Fishing Report: Wind, rain should clear up by weekend

LARRY REGIENCZUK
Heather Fernstrom caught, tagged and released  this 635-pound blue marlin on August 30 in Kailua- Kona, Hawaii aboard the Sea Genie II.  It was a 45 minute fight.  The fish swam away healthy.  Heather was exhausted, but came away with a big smile.

Heather Fernstrom caught, tagged and released this 635-pound blue marlin on August 30 in Kailua- Kona, Hawaii aboard the Sea Genie II. It was a 45 minute fight. The fish swam away healthy. Heather was exhausted, but came away with a big smile.

Anglers, email your photos to news@naplesnews.com or post them at www.naplesnews.com/participate and we will compile your images into an online gallery that’s featured each Thursday morning here at www.naplesnews.com.

— Since Sunday, we have had winds out of the south or southwest, and a fair number of showers and thunderstorms that put a damper on local fishing. Prior to that, the nice easterly winds had allowed the water to clean up nicely, making for much better conditions. This system is supposed to hang around until sometime Thursday, and by Friday things should improve for anglers.

As we start the transition into fall fishing, we will enjoy the large schools of bait that will attract numerous predators for us to catch. Water temperatures already have fallen to the low 80s, which helps the inshore bite substantially. Snook are beginning to move to the backcountry and away from the passes.

Look for islands and oyster bars in the current for both snook and reds. The reds should become more plentiful as we get closer to October, and be on the lookout for our annual visit from the big, over-sized reds that come our way about that time.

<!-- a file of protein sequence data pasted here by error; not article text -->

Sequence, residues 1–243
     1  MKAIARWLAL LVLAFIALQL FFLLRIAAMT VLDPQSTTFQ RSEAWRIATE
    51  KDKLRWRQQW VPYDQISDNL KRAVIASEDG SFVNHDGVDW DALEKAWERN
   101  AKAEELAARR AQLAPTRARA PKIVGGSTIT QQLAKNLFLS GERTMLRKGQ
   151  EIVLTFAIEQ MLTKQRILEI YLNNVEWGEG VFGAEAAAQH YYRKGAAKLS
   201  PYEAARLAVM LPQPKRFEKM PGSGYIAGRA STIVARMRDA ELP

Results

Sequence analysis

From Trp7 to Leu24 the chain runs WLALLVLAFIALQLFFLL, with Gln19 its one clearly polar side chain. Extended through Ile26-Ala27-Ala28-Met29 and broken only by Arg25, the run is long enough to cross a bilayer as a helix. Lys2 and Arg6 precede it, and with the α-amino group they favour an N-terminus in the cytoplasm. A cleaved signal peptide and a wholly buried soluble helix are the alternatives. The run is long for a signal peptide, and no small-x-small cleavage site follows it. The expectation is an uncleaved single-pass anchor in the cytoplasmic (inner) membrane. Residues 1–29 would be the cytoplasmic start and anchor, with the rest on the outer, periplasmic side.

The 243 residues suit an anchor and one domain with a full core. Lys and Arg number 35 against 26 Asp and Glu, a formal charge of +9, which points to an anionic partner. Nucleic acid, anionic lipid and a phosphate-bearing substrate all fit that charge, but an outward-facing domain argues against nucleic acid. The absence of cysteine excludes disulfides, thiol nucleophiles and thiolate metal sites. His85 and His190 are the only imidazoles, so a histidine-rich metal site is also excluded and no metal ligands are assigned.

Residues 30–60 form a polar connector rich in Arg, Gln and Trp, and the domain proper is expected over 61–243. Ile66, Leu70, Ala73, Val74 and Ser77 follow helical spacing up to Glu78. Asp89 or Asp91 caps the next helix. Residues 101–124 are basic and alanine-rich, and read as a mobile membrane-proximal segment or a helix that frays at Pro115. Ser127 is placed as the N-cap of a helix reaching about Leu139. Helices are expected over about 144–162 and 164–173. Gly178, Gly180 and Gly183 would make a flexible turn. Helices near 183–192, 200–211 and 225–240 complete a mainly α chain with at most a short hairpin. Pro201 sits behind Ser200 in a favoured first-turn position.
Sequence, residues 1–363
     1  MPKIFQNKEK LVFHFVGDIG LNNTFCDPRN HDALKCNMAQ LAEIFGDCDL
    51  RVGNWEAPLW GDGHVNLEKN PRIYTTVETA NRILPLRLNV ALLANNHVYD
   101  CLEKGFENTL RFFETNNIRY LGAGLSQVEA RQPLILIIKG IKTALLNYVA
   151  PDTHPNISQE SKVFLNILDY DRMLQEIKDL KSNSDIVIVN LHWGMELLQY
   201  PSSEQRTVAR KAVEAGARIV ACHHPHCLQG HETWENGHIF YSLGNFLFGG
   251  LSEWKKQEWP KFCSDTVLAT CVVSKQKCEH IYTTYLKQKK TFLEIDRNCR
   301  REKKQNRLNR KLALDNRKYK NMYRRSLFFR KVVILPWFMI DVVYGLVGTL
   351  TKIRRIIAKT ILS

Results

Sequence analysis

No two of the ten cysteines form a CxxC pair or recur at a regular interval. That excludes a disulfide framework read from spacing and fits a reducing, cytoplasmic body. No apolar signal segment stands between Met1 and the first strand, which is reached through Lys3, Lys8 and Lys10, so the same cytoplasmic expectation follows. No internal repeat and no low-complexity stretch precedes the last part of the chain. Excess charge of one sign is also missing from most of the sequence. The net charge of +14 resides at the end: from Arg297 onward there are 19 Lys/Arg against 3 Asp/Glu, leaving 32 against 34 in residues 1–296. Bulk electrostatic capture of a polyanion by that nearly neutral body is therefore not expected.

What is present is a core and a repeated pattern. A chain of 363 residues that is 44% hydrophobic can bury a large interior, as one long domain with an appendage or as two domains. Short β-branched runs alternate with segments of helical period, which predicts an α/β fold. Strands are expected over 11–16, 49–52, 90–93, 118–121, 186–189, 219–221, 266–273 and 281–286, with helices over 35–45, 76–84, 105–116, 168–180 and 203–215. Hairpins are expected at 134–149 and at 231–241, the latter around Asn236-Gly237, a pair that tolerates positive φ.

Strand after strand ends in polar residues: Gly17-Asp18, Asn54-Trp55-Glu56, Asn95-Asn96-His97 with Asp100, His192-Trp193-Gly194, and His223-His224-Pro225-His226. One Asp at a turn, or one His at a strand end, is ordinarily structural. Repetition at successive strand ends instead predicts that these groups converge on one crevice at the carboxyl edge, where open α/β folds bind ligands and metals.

Bait, once the wind dies down, should be plentiful along the beaches, and filling a live well should be relatively easy. On Friday, I only had to throw one time to fill two wells with pilchards. That is the way it should be all the time! If you do get plenty of bait, don't be stingy on chumming with them. Not only will you find out if there are fish where you chum, you actually get them in a feeding mood.

We are starting to see more and more mackerel on the outside and in the bays, too. Mixed in with them will be ladyfish, and jack crevalle. A jig thrown out into a feeding frenzy and worked kind of fast will surely produce some action. If the mackerel are really aggressive, you might want a small piece of light wire for leader.

Offshore fishing was good before this wind, and will be good again once things settle down. Don't forget that we only have a few more weeks of gag season left. It will close on Oct. 31. Reds continue to be the most reported offshore fish, but a number of good snapper catches were reported in the last couple of weeks.

Ten Thousand Islands: Fishing out of Everglades City, Capt. Jeff Legutki has been doing well throwing artificials and flies. Snook fishing has been impressively good the last month, according to Jeff.

He has had anglers boat a good number of fish in the 10- to 12-pound range. A lot of those fish hit surface plugs early in the morning. Later in the day, he has been using jigs and jerk baits, which have worked well on reds and snook. Most of the reds are nice upper-slot fish, proof of good growth since last year, Legutki said.

Despite less than ideal conditions on Monday, Capt. Legutki took out Greg Roth for a fly fishing trip. High winds and dirty water may have slowed them down, but Greg landed about six snook to 26 inches, and four reds to 25.

Naples/Estero Bay: On Friday, I had Rick Pohill on board, along with his son Ethan and friends Luke and Ross. We fished Estero Bay and, as mentioned earlier, the wells were filled with bait.

At the very first spot on the first cast, Ethan hooked up with a snook and so went most of the morning. The group landed about 20 snook, one slot red, and several feisty jacks. The highlight of the trip was a nice 35-inch snook landed by Ross. It scaled 13 pounds. Ross had another monster on, but it won the battle.

Offshore: No recent trips by the offshore fleet. Boat repairs and windy weather are the cause, but they will be back on the water this weekend.

If you have a report to share, send it to captsnookus@hotmail.com

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